International English Language Testing System (IELTS) is an internationally focused test in its content. Like texts and tasks are sourced from publications from all over the English- speaking world, a range of native- speaker accents (North American, Australian, New Zealand British etc.) are used in the listening test, and all standard varieties of English are accepted in test takers’ written or spoken responses.

So to be successful in all the components, one must possess good communication skills in English. If you lack in spoken English skills, your chances of working or studying in a foreign country are limited, and in spite of having good credentials, you would lose many opportunities.

As we talk about Grammar as an important element of IELTS, we can say that Grammar is definitely important for IELTS but its value varies from module to module. In case of writing and speaking modules, grammar holds more value as compared to reading and listening modules.

Writing and speaking modules: In these two modules grammar matters a lot as candidate does most of the descriptive work in these two modules. So while attempting writing module, the candidate has to be grammatically correct in Task I and Task2 and there should be few grammatical errors as possible to score good bands and same is the case for speaking as well.

Because of its great importance, grammar is one of the four categories on the basis of which candidate will be assessed on in the Writing and Speaking modules of the IELTS. However, there are many differences between speaking and writing, including the way we use grammar. Writing is not simply speech written down on paper. So, let’s take a look at some of the differences between the two and how grammar is assessed on the IELTS test:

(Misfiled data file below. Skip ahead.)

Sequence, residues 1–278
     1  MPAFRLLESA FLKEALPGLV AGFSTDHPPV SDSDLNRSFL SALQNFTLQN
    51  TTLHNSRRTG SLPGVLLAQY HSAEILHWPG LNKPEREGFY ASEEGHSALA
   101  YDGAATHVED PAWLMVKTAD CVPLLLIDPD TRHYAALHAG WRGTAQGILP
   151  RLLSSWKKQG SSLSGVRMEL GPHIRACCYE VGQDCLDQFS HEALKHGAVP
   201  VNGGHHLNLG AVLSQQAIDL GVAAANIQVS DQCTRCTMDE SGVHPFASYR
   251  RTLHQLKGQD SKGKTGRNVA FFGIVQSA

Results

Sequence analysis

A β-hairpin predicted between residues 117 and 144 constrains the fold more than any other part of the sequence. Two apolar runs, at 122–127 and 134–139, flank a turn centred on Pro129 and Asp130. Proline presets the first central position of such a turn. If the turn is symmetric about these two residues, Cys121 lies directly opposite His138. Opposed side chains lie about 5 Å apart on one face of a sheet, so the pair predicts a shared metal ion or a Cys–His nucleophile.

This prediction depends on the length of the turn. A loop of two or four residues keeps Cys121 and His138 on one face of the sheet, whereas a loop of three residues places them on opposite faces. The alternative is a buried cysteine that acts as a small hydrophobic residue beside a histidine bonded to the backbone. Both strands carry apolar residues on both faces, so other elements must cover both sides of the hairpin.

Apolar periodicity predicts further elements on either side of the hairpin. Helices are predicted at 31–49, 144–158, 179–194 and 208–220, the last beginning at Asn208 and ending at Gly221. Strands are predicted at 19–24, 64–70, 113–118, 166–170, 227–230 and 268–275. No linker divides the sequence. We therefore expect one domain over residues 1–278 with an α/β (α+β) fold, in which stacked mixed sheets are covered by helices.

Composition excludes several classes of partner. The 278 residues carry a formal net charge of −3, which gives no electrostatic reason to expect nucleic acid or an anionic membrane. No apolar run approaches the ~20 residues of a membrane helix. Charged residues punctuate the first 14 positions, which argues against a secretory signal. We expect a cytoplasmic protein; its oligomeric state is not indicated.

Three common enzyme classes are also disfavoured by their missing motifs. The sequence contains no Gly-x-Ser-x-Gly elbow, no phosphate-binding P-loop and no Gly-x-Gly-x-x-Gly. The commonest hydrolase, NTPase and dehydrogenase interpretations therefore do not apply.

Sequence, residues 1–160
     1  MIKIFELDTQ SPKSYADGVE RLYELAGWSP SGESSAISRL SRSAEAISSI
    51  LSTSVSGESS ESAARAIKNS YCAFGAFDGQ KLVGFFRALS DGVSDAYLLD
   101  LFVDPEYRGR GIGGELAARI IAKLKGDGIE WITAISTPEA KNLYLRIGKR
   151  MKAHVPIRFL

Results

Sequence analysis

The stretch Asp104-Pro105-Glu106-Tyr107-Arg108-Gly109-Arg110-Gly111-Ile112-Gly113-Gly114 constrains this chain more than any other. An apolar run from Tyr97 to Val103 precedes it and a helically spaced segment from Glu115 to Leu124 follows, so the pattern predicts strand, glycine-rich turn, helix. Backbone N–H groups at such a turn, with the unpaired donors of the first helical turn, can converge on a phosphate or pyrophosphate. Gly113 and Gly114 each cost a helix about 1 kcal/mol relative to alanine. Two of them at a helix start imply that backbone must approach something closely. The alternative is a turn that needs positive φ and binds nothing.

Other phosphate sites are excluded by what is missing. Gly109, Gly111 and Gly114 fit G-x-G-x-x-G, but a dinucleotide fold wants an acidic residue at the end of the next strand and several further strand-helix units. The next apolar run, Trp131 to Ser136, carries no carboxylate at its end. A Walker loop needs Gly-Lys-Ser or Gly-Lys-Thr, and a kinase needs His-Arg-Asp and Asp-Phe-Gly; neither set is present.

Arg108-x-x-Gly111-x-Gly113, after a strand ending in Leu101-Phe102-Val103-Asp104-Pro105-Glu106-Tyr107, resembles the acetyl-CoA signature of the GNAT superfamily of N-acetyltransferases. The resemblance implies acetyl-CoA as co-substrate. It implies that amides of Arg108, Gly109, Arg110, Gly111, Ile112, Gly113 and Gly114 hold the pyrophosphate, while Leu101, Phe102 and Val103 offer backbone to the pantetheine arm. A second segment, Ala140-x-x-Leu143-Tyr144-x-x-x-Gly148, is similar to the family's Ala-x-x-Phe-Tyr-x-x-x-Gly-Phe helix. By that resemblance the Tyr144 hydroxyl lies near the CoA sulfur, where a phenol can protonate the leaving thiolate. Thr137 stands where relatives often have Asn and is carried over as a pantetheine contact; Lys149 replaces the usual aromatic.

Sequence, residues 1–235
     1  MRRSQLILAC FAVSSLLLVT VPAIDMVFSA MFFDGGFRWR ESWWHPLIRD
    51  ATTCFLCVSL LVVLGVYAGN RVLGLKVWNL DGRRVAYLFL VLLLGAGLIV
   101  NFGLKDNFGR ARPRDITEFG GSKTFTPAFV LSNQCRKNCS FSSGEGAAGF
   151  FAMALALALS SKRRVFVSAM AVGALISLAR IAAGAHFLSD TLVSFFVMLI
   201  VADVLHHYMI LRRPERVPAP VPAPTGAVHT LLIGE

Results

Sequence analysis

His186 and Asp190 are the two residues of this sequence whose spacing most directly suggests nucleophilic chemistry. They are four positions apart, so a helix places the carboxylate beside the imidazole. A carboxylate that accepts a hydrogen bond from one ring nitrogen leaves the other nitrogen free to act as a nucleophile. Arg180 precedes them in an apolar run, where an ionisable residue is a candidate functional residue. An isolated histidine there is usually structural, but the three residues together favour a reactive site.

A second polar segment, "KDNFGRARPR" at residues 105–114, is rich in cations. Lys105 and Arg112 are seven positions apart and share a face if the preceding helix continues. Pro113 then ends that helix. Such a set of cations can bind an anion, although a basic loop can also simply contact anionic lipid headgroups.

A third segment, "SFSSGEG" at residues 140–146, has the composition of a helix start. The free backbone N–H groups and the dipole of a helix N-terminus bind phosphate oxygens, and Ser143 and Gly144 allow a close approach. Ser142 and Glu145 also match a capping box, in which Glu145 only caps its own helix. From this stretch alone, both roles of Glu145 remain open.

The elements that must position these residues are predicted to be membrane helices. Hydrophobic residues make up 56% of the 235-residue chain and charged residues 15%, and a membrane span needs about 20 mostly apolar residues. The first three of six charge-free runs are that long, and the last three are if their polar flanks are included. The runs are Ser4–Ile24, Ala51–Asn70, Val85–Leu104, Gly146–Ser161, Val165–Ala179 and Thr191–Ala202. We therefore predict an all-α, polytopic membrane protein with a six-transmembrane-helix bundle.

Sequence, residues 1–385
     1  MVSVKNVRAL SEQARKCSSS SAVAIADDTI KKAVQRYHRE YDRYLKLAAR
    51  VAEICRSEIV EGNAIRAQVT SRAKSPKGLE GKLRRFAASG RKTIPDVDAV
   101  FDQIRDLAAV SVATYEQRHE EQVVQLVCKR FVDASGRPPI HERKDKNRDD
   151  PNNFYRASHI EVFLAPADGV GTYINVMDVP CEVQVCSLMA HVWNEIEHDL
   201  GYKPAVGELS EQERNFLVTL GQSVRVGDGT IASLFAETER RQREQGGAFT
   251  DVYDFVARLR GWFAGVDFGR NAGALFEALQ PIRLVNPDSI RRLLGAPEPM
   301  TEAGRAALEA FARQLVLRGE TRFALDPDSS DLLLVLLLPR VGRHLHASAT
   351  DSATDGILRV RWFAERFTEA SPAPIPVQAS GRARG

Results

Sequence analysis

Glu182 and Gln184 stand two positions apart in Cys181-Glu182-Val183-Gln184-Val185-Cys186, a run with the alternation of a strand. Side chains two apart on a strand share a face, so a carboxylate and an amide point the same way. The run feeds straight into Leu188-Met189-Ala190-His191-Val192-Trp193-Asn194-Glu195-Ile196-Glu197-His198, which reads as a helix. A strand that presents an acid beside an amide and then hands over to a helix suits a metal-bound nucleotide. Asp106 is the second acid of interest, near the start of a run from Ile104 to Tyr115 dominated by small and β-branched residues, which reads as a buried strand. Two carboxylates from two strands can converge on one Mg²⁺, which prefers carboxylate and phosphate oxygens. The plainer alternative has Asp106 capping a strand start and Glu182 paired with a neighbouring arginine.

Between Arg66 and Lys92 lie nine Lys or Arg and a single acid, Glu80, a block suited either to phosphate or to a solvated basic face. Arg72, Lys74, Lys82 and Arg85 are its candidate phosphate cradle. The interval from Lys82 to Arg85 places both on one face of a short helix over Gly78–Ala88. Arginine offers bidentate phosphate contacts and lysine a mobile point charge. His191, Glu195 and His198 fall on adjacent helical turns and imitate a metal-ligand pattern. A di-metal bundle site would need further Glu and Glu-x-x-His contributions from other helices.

Speaking Versus Writing
Speech is usually spontaneous and used immediately.Writing is usually planned and permanent.
Speakers can correct themselves and change their ideas and/or grammatical structures as they go along.Written text can be corrected and/or changed through editing and revision
Speech tends to have simpler sentences linked together.Writing is usually more complex than speech with longer sentences and more complex structures*.
It’s not just the words that give meaning. Body language, eye contact and other things also communicate ideas. As well, speakers can use their voices (tone/volume/speed) and pauses to communicate their message.The reader can only see what’s on the page. Writers also use punctuation to make their writing clear and effective.

Reading and Listening modules: In these modules, grammatical knowledge comes into play while selecting the correct option, getting a clue regarding the requirement of question and while writing down the correct answer. Most often the answers are given in the passage itself in Reading or spoken by the speaker on listening CD. However, for some tricky or difficult questions, a sound knowledge of grammar is needed to get the answer right.

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